In a number of recent attacks (HAFNIUM, the Colonial Pipeline attack, the Solarwinds Attack last year) we keep seeing the Endpoint coming out as the point of weakness for many security organizations.
Knowing this, how should you prepare your organization for success? Well... in a lot of ways not much has changed. These threats vectors (zero-day attack, supply side attack, and ransomware attack) have existed for years now. None of these were new types of attacks, even if they were more specifically tailored to the current threat landscape and security technologies of today. This means that in a lot of ways... these attacks were preventable.
Which isn't a conversation you want to be having with your stockholders, your customers, or your bank when you get hit by an attack that could have been stopped with precautions and technologies available commercially today.
That isn't to say that these attacks were easy to catch, or that they weren't extremely sophisticated in their execution. They were. The issue is that many of the solutions to the areas of weakness these attacks cover tend to be a combination of several factors:
End user awareness - If your end users are trained and what is / is not an acceptable security practice, half of the problem goes away. Having strong security culture can avoid many problems and drive by attacks that are typical components of a concerted attack by a hacker or malicious attacker.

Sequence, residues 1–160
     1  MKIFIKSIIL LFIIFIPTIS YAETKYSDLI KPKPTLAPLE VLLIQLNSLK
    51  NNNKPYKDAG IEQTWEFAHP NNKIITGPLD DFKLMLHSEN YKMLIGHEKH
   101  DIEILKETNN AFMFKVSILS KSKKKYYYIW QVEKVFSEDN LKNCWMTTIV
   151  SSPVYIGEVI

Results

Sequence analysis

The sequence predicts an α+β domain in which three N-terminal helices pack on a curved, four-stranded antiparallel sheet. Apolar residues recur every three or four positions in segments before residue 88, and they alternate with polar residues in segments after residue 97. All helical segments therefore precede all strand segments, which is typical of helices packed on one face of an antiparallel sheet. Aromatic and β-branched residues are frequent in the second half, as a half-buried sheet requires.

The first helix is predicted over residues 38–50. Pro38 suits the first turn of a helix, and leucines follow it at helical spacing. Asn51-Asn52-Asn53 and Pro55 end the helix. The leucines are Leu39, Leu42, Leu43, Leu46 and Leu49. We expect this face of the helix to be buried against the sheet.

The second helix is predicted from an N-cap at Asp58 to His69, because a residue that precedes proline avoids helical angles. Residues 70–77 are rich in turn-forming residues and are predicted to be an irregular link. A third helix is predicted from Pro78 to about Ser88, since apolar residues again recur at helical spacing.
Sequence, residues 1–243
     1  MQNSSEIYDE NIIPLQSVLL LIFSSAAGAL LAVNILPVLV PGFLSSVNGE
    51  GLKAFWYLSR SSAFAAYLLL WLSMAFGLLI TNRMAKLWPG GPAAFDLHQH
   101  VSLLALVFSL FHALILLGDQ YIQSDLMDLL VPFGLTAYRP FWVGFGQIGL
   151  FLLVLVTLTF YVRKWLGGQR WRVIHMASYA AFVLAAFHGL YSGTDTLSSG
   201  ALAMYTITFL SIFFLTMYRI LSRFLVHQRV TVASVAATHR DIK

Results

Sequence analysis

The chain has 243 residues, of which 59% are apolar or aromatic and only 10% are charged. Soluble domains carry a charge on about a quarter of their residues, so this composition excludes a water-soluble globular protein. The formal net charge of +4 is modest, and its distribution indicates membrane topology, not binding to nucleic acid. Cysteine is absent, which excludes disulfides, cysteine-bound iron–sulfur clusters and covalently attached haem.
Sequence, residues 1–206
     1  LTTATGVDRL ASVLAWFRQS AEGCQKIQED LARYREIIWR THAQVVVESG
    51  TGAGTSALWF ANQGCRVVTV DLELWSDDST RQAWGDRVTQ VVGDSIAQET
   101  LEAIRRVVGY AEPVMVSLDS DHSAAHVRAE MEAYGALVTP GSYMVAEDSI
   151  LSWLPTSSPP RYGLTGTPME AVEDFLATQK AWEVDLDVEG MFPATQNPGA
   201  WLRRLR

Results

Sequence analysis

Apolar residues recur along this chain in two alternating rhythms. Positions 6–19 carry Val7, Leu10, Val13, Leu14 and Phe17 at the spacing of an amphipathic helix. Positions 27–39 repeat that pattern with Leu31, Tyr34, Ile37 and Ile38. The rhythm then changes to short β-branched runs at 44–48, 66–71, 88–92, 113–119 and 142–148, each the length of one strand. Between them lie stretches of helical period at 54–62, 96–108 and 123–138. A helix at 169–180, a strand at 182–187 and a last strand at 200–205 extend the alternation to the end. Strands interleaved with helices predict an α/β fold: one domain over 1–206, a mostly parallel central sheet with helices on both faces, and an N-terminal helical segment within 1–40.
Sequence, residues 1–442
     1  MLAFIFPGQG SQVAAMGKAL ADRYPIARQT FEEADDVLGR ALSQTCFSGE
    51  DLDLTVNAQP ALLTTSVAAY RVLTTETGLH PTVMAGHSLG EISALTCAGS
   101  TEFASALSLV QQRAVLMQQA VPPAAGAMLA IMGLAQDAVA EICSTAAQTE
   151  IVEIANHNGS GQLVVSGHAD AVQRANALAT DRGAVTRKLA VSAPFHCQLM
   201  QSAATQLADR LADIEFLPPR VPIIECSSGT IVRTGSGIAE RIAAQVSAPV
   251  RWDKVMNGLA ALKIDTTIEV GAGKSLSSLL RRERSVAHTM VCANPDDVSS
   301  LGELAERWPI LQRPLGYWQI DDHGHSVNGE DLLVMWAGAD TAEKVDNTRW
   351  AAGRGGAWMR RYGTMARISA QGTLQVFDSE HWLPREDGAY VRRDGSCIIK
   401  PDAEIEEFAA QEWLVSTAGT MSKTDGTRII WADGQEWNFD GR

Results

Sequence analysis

Security Threat Response - This is where MDR solutions, or strong security response policy can make a difference. Creating a process for handling new applications being allowed access in a security environment, analyzing permissions, looking at the points of weakness / pros & cons of allowing or blocking applications are all key to protecting from some of these threats.
Remediation Practices - How do you remediate problems? Do you check your backups? Do you test your security policy and practices? How do you audit yourself? You test new patches, new systems, and new employees - do you test your security? Sometimes you just need to kick the tires of your security technologies to make sure they are performing up to standard.
I find myself saying the same thing in regards to many of these security threats on a regular basis - but what many security threats come down to isn't the hottest technology, or the most money spent... but the most money spent efficiently and the best practices that account for human error and technology failure.
Plan for success, but also have a plan for when things fail. IF you have a strong plan in place to account for the security failures at different points of your security architecture, your organization won't be overwhelmed by a dedicated hacker or malicious attack when they manage to penetrate a layer of your security precautions.